The chronological odometers on Fairfield’s three new schools has reached year one, and district officials say the buildings are performing better than anticipated.
Last year Fairfield created a historic first for the Butler County district when it opened three new schools simultaneously to kick off the 2017-2018 school year.
The new schools – Central and Compass Elementary and the Fairfield Freshman School – drew thousands of residents to open houses curious to see the state-of-the-art schools. The brightly colored interiors, spacious designs, mural-covered walls and high-tech classrooms have proven popular over time with students and staff, said school officials.
Billy Smith, superintendent of the 10,000-student school system, said looking back over year one he is struck on how the three schools have “received a lot of positive feedback about the open learning spaces in each of our buildings.”
“These open spaces allow our staff members some flexibility as they plan lessons that encourage collaboration. And there is a sense of pride and appreciation from our students, staff, and parents. As a school district, we are so thankful that we serve a community that is so supportive of our school district,” said Smith.
Fairfield and Fairfield Twp. residents approved a tax hike in 2014 to pay for most of the $80 million price tag for the schools, with the state school facilities fund paying a portion.
To save on costs, the new Central and Compass elementary schools are nearly identical.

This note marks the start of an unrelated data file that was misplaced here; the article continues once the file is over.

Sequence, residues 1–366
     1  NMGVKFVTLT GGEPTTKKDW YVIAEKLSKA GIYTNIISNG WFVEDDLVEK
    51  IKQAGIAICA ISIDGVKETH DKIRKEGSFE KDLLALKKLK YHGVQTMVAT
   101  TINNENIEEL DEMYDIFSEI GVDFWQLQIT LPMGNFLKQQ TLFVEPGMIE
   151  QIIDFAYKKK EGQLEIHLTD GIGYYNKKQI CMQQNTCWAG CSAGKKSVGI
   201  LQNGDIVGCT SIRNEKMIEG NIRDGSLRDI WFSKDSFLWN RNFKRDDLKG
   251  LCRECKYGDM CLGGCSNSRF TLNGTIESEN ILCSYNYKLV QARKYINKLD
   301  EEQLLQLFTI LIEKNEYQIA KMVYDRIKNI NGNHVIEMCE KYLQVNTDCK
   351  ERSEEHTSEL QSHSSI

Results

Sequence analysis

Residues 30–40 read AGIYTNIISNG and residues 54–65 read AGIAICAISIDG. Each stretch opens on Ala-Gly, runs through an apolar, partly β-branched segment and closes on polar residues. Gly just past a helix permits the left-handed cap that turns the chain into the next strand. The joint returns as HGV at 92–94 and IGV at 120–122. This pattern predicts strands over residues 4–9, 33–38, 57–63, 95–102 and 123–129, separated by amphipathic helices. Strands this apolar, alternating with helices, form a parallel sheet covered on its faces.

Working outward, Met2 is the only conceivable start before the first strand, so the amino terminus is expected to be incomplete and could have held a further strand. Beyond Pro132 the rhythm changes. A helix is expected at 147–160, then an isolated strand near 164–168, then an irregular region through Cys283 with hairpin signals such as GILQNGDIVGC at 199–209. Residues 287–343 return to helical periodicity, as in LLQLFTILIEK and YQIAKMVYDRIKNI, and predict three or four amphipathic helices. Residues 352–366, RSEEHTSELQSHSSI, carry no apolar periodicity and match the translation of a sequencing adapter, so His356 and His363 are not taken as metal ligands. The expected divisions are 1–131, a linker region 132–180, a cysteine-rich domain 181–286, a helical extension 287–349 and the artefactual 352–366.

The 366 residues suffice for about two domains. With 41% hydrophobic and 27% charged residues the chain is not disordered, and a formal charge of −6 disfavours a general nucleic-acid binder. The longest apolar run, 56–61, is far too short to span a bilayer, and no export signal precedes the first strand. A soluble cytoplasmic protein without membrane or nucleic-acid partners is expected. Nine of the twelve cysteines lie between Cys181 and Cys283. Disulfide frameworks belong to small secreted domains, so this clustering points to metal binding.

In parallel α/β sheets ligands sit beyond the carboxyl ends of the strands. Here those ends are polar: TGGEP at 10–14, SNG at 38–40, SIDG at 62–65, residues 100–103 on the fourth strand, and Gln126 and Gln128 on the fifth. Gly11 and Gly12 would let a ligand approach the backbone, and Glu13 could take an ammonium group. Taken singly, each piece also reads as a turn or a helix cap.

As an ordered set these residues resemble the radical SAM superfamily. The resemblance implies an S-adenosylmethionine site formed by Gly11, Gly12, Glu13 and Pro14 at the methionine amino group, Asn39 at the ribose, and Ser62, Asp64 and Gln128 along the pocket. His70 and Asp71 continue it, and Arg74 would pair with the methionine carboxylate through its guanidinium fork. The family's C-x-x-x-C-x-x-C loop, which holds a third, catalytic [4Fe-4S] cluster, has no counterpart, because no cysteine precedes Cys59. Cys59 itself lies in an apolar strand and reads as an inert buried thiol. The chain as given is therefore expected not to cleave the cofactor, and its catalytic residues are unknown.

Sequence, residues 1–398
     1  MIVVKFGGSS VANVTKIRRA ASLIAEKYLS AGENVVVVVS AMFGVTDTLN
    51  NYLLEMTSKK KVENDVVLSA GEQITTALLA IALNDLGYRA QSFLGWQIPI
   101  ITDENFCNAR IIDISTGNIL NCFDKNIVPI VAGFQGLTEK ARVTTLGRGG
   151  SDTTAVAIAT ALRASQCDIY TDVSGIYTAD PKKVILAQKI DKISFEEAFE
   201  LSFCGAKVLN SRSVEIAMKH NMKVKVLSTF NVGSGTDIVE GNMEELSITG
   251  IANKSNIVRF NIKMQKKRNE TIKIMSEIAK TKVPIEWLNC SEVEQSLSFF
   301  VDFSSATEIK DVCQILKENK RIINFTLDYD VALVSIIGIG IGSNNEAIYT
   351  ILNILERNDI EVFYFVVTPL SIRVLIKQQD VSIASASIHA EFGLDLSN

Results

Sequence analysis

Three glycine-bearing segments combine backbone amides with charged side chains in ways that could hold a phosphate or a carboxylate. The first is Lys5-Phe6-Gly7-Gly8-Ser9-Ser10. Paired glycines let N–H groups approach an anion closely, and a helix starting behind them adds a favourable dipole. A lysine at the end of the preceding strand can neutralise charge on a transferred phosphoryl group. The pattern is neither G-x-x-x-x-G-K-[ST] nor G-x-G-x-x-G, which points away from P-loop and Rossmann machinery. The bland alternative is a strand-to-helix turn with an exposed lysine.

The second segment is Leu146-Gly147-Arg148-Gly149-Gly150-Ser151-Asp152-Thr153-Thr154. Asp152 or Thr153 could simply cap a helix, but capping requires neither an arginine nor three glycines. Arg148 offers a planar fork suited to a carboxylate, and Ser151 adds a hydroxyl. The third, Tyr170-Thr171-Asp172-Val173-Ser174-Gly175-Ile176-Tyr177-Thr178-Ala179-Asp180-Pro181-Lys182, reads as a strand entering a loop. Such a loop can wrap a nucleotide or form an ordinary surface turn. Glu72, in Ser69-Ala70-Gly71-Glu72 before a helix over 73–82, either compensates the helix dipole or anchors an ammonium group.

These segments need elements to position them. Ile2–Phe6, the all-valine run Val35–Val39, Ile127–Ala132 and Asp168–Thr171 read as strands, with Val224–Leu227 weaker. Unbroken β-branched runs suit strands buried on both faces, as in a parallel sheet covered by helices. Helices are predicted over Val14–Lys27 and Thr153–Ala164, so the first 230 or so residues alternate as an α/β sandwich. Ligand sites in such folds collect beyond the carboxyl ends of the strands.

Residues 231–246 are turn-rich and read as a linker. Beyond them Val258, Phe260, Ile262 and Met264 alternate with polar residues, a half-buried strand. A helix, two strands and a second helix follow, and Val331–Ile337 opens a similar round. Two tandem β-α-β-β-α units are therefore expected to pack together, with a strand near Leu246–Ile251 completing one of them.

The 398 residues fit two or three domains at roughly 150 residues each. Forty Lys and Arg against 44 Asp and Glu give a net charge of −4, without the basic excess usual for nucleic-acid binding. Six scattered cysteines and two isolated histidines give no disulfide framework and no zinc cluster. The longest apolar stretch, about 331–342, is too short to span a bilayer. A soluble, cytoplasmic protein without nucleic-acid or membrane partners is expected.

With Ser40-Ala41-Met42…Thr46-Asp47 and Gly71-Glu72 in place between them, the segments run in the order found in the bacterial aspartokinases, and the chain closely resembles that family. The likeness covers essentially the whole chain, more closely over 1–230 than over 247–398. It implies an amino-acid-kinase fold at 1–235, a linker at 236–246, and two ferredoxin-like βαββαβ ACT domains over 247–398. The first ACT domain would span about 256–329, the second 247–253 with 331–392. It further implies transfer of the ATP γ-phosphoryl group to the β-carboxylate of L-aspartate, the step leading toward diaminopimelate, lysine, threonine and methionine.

The old Central Elementary, which had no central air conditioning, sat on the same campus site was once the second oldest school in the county before being demolished in 2017.
Joe Penny, director of business operations for Fairfield Schools, said “we have been extremely pleased with our new facilities.”
“As expected with any large construction project, we’ve experienced a few issues that we have worked with our construction team and the Ohio Facilities Construction Commission(OFCC) to resolve. I consider many of the adjustments we have made to be part of the natural progression towards providing the best and safest educational environment possible for our students,” said Penny.
Fairfield Board of Education Vice President Michael Berding said he often hears “how happy the parents are with the new security measures taken at the new buildings.”
“The way that visitor traffic must flow to enter the front doors and the number of security cameras at each new building has given parents peace of mind that their children are safe at the new school buildings,” said Berding.
“Parents have also commented that the environment is more conducive to learning with the buildings further off the road, windows shut, and no fans blowing in the hot weather. The noise from the traffic and fans made learning difficult at old Central and (adjacent) old Freshman schools. Students can now concentrate on the subject matter being taught,” he said.
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